WHEN the shooting stopped, the quiet of the battlefield allowed a time for a brief period of reflection and contemplation for those who survived the horror.
Surrounded by poppies and holding a copy of the Bible in his hand, a new memorial at the Victoria Cross Museum in Balby, Doncaster, depicts Lance Corporal William Coltman, one of the most decorated soldiers of the First World War.
It has been unveiled as the world pauses to remember the start of the Battle of the Somme, which, for 141 days from July 1, 2016, saw some of the bloodiest fighting ever seen in British military history.
But William Coltman’s story is one you might not expect from a recipient of the Victoria Cross, the Military Medal, and twice the Distinguished Conduct Medal. A conscientious objector, his staunch religious beliefs prevented him from taking up arms, so after signing up in January 1915 he served as a stretcher bearer with the North Staffordshire Regiment – and won all his medals without firing a shot.
He was awarded the Victoria Cross for “most conspicuous bravery, initiative and devotion to duty”.
Mr Coltman returned from the battlefields of the First World War, and is buried in his home town of Burton-upon-Trent, after dying at the age of 82 in 1974, forever remembered as one of the greatest heroes of the war.
Victoria Cross Trust chairman Gary Stapleton said the monument was a fitting tribute to those who lost their lives at the Somme.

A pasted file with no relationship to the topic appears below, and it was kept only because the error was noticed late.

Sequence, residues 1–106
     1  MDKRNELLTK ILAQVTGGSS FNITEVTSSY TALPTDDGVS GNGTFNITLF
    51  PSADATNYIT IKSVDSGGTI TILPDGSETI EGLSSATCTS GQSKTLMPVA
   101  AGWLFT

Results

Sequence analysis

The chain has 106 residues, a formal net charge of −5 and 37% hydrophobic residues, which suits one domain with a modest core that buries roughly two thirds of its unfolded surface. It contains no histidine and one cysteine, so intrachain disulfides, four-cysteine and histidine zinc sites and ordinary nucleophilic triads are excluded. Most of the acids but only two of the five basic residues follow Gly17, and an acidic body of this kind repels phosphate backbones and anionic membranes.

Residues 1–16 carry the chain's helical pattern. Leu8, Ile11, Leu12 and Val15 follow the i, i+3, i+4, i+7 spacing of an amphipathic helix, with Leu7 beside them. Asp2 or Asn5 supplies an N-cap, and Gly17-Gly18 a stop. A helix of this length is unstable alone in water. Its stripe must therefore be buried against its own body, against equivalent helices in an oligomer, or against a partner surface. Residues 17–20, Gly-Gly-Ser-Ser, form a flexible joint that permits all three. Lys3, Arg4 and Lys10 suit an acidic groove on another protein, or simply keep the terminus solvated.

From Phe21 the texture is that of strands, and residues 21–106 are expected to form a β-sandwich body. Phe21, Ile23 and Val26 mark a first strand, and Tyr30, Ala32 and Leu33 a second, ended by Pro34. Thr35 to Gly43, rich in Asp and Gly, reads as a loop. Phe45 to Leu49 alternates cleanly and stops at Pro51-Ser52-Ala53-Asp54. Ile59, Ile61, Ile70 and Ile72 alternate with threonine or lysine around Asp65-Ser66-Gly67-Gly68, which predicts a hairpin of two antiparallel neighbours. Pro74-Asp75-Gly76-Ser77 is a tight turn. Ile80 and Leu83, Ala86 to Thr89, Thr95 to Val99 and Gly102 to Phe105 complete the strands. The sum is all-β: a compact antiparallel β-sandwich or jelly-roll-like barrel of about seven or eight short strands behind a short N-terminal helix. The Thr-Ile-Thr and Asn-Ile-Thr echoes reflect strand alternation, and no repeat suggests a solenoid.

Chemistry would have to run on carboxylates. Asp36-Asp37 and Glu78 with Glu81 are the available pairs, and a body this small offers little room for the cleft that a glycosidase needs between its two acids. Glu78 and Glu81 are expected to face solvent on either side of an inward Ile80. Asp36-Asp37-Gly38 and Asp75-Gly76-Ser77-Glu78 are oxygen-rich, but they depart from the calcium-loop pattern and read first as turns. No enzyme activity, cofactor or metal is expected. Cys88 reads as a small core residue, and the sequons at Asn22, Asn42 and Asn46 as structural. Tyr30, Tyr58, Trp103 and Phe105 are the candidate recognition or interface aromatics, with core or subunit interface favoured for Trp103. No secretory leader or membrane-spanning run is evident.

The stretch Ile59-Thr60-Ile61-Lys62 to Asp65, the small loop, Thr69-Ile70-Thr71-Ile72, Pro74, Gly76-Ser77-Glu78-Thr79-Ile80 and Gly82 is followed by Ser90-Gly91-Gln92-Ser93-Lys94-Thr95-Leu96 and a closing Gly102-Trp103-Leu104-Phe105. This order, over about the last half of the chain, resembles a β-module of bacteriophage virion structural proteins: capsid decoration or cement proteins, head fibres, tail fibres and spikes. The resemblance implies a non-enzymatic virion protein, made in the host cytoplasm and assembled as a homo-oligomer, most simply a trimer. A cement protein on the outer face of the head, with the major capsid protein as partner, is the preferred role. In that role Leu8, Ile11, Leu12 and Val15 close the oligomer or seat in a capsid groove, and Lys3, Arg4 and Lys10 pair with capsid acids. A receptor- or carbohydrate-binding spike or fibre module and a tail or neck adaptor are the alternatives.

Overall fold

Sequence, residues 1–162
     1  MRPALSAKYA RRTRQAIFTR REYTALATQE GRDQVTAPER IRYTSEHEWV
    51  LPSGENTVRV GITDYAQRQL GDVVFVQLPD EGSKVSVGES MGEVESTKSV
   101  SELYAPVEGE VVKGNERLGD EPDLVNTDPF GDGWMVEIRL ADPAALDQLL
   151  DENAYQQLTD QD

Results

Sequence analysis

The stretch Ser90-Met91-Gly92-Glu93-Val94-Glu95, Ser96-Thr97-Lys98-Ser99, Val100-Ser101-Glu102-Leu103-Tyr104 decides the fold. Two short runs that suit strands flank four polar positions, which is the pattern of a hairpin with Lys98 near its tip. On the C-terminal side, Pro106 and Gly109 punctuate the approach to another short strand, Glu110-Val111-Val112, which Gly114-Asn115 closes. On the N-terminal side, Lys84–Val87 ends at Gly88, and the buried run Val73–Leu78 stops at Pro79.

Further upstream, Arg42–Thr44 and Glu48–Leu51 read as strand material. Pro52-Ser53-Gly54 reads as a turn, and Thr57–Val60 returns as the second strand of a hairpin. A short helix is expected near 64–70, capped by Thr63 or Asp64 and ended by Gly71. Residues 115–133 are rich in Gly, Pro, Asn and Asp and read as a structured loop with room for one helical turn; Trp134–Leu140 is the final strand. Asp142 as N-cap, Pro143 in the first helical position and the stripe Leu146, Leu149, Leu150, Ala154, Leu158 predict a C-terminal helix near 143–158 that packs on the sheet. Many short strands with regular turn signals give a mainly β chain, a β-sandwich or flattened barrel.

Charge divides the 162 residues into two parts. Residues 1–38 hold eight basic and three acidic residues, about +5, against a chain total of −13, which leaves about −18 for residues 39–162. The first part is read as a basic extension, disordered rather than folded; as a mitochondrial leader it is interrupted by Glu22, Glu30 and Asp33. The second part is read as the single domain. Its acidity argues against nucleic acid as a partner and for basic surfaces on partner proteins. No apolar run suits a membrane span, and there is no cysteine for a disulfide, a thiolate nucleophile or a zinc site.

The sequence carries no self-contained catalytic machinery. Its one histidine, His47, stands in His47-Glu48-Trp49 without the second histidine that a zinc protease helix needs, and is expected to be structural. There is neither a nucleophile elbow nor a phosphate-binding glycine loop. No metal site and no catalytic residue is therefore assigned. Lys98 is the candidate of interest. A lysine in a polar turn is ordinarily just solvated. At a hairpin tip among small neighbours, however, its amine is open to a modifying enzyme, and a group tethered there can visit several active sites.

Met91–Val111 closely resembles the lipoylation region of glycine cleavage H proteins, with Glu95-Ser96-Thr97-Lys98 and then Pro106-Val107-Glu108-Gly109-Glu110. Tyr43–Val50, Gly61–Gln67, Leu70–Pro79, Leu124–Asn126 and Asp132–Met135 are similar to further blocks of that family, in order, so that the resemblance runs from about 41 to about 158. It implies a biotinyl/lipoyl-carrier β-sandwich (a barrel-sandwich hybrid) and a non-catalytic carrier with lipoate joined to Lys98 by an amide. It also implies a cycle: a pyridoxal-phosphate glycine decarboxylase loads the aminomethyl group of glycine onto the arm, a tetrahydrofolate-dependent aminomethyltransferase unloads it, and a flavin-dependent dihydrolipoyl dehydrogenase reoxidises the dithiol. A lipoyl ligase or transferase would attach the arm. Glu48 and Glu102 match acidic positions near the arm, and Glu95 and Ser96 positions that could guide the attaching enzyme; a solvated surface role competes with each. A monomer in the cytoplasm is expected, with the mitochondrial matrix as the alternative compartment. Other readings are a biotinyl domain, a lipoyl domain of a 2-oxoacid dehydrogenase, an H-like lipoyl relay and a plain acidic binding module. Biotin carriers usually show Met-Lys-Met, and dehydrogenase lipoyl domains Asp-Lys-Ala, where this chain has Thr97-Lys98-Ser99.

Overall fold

He said: “We felt that the one VC who personified everyone was Willy Coltman, the most decorated soldier from the ranks in World War One.
“He went into the Battle of the Somme as an ordinary rifleman.
“He was trapped in a crater for much of the time and could hear the sound of the wounded and dying on the battlefield. It led him to become a stretcher bearer. He would go out in the greatest danger to help people wounded on the battlefield.”
The memorial, created by sculptor Johanna Marshall, was given the working title After the Battle’s Over. Her work depicts Mr Coltman after the battle, with his Bible in his hand, reflecting on what had happened. “We thought he represented everything about the Somme – those who died, those who survived, and those who had their own issues to deal with on their return,” said Mr Stapleton.
Today villages, towns and cities across Yorkshire, the UK and Europe will pause to remember those lost in the Battle of the Somme.
A single bell will toll from each of the Cathedrals of Bradford, Ripon and Wakefield, along with 50 other churches in the Diocese of Leeds at 7.30am, the exact time 100 years ago the first troops went over the top at the Somme.
Among other commemorations across Yorkshire are special events in Sheffield, at Colsterdale near Ripon, Bradford, York, Barnsley, Doncaster and Leeds.
Writing in The Yorkshire Post today, Barnsley Central’s Labour MP, a former Army major who served in the Parachute Regiment from 1997 to 2011, paid his own tributes to the Yorkshire soldiers He wrote: “A hundred summers on from the Battle of the Somme, we should remember that sacrifice and reflect on how it changed our society then and shaped Britain today.”